PMID: 43131Nov 1, 1979

Wheat-germ aspartate transcarbamoylase. Purification and cold-lability

The Biochemical Journal
J E GraysonP J Butterworth


1. Aspartate transcarbamoylase was purified approx. 3000-fold from wheat (Triticum vulgare) germ in 15-20% yield. The product has a specific activity of 14 mumol/min per mg of protein and is approx. 90% pure. The purification scheme includes the use of biospecific "imphilyte" chromatography as described by Yon [Biochem.J.(1977) 161, 233-237]. The enzyme was passed successively through columns of CPAD [N-(3-carboxypropionyl)aminodecyl]-Sepharose in the absence and presence respectively of the ligands UMP and L-aspartate. In the second passage the enzyme was specifically displaced away from impurities with which it co-migrated in the first passage. These two steps contributed a factor of 80 to the overall purification. 2. The enzyme is slowly inactivated on dilution at 0 degrees C and pH 7.0, the inactivation being partially reversible. A detailed investigation of the temperature- and pH-dependence of the cold-inactivation suggested that it was initiated by the perturbation of the pKa values of groups with a moderately high and positive heat of ionization, which were tentatively identified as histidine residues. These findings support a new concept of cold-lability proposed by Bock, Gilbert & Frieden [Biochem. Biophys. Res. Commu...Continue Reading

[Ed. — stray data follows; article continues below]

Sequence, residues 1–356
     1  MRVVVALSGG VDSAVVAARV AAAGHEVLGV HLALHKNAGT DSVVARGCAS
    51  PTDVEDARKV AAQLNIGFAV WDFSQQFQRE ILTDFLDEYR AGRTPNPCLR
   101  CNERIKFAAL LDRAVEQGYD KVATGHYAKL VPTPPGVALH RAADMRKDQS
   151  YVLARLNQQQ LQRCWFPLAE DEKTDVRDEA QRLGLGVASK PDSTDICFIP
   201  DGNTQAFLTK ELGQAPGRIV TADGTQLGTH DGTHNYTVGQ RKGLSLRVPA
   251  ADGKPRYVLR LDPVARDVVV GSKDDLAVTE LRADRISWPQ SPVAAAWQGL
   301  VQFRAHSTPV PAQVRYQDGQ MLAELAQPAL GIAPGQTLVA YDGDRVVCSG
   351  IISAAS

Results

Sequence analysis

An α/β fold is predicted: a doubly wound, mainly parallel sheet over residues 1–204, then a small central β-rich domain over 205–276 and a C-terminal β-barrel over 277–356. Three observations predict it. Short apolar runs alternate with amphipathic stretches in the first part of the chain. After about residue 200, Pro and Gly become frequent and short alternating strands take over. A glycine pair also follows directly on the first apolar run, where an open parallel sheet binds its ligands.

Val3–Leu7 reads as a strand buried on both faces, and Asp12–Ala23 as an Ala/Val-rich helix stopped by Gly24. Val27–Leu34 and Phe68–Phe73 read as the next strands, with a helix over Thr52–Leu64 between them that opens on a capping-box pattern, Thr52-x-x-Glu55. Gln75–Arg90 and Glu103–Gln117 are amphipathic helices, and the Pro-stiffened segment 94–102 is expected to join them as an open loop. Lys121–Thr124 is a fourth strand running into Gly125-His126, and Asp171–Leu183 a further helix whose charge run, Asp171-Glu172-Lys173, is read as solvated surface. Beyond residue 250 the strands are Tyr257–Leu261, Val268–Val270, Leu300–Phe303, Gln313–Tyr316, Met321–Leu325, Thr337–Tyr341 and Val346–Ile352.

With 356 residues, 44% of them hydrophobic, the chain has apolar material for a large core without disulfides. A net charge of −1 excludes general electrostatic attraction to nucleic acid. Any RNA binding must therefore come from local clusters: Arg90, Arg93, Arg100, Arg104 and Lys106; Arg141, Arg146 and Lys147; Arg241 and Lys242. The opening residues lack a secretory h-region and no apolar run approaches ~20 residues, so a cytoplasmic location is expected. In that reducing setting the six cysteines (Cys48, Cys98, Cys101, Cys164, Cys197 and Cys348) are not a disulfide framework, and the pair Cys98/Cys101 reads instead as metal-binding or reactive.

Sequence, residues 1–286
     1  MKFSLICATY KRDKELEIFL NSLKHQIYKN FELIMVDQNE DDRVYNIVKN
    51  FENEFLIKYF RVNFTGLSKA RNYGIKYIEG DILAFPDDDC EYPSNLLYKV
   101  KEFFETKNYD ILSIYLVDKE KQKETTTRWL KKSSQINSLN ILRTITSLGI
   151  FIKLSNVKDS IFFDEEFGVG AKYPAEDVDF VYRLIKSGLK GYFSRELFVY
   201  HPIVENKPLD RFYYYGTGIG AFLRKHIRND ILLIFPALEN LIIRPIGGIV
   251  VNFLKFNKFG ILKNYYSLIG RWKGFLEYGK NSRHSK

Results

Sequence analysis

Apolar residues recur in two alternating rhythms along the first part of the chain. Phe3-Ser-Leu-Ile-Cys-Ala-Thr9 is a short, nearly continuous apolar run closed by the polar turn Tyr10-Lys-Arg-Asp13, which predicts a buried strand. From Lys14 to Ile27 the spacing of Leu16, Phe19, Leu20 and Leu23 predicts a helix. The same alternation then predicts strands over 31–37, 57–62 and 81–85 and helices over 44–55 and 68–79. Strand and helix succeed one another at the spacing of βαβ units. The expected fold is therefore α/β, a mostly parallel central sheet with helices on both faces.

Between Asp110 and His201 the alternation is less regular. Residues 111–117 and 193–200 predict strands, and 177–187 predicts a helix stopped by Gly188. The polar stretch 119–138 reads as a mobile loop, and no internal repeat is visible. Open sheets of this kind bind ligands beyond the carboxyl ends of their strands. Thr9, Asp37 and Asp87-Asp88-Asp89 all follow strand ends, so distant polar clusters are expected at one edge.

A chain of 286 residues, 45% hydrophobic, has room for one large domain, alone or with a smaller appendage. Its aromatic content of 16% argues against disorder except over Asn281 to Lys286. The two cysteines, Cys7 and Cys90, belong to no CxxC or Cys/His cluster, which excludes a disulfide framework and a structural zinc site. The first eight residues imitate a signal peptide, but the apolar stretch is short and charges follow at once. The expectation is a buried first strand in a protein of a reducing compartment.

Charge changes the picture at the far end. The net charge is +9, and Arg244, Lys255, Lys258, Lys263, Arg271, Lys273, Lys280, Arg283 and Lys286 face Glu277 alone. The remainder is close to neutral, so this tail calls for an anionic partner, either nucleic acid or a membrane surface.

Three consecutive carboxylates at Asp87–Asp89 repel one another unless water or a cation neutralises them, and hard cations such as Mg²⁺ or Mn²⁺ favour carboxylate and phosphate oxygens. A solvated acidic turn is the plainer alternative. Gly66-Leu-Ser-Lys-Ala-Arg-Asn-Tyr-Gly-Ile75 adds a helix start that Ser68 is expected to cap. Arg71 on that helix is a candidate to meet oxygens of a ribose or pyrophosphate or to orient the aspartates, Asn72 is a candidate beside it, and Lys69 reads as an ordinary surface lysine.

Dec 1, 1993·FEMS Microbiology Letters·Margaret Shepherdson, Donald McPhail
Jan 6, 2006·Archives of Microbiology·Donald McPhail, Margaret Shepherdson

Related Concepts

Cold Temperature
Aspartic Acid, Magnesium-Potassium (2:1:2) Salt
Uridine Monophosphate
Factor V Deficiency
Ion-Exchange Chromatography Procedure
Hydrogen-Ion Concentration
Ni(II)-Aspartate Transcarbamoylase

Related Feeds

Blood Clotting Disorders

Thrombophilia includes conditions with increased tendency for excessive blood clotting. Blood clotting occurs when the body has insufficient amounts of specialized proteins that make blood clot and stop bleeding. Here is the latest research on blood clotting disorders.